You see Real Madrid and Manchester United jerseys everywhere, and every village has a beat up old Foosball table painted in the colors of popular European teams. Yet Ethiopians seem singularly blind to their own football teams. I spent hours trying to hunt down an Ethiopian National Team shirt for my son, only to be told that they aren’t made in children’s sizes.

The kids don’t want them.

Hopefully that’s all about to change. Ethiopia has qualified for the Africa Cup of Nations finals for the first time since 1982. They haven’t won since 1962. With that kind of record, you can understand why the fans have been less than enthusiastic. Their first game is against Zambia on January 21. Zambia has a FIFA ranking of 34; Ethiopia’s is 102. It’s going to be a tough match.

My son and I are going to be rooting for Ethiopia. We’ll be sitting at home here in Spain watching it on the computer, urging on the Ethiopian team as crowds in cafes and bars across Ethiopia will be going crazy. It’s going to be a nice way to reconnect with my favorite country to travel in.

Hey, if a guy from Addis Ababa can be an Arsenal fan without ever having been to England, I can be an Ethiopia fan, right?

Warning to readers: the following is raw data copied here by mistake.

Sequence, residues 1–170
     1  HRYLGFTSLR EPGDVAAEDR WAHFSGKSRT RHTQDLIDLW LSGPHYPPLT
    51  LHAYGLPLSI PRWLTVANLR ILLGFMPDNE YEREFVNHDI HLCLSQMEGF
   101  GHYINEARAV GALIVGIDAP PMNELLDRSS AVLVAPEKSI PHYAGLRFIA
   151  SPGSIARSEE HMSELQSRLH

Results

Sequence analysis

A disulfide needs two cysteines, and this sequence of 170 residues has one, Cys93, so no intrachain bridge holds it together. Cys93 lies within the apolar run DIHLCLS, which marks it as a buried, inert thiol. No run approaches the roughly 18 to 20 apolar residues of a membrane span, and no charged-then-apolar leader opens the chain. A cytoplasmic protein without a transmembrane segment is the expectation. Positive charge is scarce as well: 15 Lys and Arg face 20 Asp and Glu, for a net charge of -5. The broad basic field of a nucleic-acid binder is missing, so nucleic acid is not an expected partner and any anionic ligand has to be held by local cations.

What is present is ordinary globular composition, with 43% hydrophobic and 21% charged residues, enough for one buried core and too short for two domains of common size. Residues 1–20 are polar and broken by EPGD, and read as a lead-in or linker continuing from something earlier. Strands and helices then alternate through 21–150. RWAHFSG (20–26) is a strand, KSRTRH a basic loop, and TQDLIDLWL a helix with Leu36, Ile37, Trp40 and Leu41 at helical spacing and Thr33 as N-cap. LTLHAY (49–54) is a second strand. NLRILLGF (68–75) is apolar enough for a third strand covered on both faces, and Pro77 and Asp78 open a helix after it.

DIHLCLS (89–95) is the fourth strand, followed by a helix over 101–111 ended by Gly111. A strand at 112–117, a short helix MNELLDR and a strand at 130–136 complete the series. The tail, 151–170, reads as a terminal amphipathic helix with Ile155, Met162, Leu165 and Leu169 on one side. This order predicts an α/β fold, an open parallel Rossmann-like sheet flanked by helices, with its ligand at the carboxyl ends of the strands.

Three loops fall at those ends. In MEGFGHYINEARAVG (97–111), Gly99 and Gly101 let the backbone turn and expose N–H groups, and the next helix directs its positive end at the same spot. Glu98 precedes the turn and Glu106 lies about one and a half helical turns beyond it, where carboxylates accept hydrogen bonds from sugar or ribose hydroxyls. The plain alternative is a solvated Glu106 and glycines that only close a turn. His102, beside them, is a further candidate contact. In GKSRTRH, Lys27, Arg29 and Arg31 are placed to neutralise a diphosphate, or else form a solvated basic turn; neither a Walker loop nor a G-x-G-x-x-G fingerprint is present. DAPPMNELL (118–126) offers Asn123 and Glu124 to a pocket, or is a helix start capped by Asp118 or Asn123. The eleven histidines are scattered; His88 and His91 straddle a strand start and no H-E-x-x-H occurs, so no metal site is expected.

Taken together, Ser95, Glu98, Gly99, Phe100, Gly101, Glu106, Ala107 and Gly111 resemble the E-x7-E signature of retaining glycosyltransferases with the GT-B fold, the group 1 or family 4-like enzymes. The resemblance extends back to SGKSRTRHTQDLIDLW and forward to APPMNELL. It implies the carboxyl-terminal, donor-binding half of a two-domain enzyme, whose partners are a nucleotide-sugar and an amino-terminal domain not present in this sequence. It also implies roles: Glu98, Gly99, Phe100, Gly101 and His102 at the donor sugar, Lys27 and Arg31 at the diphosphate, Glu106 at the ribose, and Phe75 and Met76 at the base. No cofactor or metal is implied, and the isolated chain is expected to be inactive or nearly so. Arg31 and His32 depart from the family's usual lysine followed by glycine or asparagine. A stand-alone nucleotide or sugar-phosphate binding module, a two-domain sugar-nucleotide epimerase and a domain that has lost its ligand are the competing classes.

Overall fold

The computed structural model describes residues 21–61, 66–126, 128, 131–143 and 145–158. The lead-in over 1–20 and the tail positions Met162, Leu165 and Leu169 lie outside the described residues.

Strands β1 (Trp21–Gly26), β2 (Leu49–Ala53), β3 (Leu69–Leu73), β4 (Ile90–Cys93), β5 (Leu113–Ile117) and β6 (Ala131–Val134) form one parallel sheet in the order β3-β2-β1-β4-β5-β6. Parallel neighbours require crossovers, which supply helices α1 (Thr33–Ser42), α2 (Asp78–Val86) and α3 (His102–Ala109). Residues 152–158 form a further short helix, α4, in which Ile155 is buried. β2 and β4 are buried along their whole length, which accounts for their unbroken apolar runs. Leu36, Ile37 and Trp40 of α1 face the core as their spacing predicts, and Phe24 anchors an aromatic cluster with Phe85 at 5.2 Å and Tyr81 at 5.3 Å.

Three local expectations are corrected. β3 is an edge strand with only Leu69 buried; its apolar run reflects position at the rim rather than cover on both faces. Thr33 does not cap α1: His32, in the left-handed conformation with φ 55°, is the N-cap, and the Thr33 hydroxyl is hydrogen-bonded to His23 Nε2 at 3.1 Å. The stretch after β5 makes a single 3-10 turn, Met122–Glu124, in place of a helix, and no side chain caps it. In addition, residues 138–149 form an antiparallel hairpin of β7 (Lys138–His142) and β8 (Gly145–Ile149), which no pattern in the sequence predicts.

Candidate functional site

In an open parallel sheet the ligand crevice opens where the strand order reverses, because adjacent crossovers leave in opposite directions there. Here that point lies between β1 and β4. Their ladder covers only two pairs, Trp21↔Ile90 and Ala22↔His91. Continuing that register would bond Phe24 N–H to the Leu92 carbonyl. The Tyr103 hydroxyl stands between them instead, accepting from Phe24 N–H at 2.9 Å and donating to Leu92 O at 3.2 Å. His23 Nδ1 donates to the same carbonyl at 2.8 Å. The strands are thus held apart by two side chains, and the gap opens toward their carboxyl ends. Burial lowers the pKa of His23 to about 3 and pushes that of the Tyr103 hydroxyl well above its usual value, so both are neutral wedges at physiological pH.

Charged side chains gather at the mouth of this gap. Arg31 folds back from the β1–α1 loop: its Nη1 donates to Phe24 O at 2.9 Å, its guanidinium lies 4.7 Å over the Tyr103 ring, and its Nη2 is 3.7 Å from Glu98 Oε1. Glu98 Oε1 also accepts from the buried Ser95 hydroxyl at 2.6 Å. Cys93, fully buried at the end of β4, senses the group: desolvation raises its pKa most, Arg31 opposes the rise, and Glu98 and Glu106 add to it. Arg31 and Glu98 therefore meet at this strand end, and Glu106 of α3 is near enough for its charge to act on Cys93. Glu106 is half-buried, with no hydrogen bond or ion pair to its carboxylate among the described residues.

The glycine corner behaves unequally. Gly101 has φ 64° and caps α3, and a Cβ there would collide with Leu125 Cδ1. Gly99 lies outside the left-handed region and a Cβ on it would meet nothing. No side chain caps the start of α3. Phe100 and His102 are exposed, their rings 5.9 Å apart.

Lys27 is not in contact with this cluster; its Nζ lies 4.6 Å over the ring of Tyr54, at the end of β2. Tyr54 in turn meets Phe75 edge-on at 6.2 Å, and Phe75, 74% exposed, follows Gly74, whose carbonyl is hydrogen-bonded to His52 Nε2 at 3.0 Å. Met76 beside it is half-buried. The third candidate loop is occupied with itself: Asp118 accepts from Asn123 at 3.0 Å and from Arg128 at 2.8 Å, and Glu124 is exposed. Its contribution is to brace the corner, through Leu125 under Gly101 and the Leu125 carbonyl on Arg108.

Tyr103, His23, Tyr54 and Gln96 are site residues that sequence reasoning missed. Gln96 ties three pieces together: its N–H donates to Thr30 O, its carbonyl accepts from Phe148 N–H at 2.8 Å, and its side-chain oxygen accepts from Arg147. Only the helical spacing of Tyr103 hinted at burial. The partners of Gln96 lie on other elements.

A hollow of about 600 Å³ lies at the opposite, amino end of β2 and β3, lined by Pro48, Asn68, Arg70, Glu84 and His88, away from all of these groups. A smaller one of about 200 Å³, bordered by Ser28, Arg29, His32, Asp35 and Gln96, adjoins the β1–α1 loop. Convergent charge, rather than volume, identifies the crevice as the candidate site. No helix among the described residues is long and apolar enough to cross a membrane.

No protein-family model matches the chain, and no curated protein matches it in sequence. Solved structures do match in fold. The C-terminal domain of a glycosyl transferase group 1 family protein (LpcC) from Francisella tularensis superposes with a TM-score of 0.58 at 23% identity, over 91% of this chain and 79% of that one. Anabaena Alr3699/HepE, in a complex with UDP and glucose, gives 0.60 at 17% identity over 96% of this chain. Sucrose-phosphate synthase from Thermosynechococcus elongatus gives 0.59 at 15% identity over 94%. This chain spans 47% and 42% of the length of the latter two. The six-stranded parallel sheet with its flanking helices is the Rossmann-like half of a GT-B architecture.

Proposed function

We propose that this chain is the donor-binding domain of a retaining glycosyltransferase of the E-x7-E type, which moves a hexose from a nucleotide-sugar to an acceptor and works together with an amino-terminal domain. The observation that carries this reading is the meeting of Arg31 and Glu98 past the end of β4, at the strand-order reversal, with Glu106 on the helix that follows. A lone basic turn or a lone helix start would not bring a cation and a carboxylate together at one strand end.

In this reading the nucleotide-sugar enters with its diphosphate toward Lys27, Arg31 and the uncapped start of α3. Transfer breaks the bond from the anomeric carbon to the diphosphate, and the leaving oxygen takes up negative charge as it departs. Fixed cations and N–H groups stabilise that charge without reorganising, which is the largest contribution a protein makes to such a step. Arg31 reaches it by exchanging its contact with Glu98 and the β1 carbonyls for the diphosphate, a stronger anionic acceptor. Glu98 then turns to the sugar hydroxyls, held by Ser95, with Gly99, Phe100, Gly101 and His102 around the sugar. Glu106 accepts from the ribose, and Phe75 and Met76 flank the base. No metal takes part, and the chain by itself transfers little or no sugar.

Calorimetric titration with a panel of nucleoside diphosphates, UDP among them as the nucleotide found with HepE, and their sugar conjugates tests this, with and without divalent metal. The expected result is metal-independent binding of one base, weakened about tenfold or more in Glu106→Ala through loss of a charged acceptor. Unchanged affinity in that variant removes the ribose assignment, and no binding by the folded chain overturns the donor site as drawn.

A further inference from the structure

[Image courtesy Wikimedia Commons]

Video: Zulu Dancing

Amazing Dancing From The Zulu (kwaZulu-Natal)” from Alex Masterson on Vimeo.

The Zulu people of South Africa make up the largest ethnic group within the country. Mostly living in the province of KwaZulu-Natal, nearly 10-11 million Zulu people in the region now celebrate equal rights in South Africa. The Zulu culture is vibrant and fascinating. One of the most notable aspects of Zulu culture is Zulu dancing. Dancing is a community ritual within the Zulu tribe and most ceremonies feature dancing. Chants often accompany the Ingoma dances, which are considered to be one of the purest forms of Zulu dance. In this video from Vimeo user Alex Masterson, a small group of Zulu people dance a traditional dance.

South Africa's New Rhino Orphanage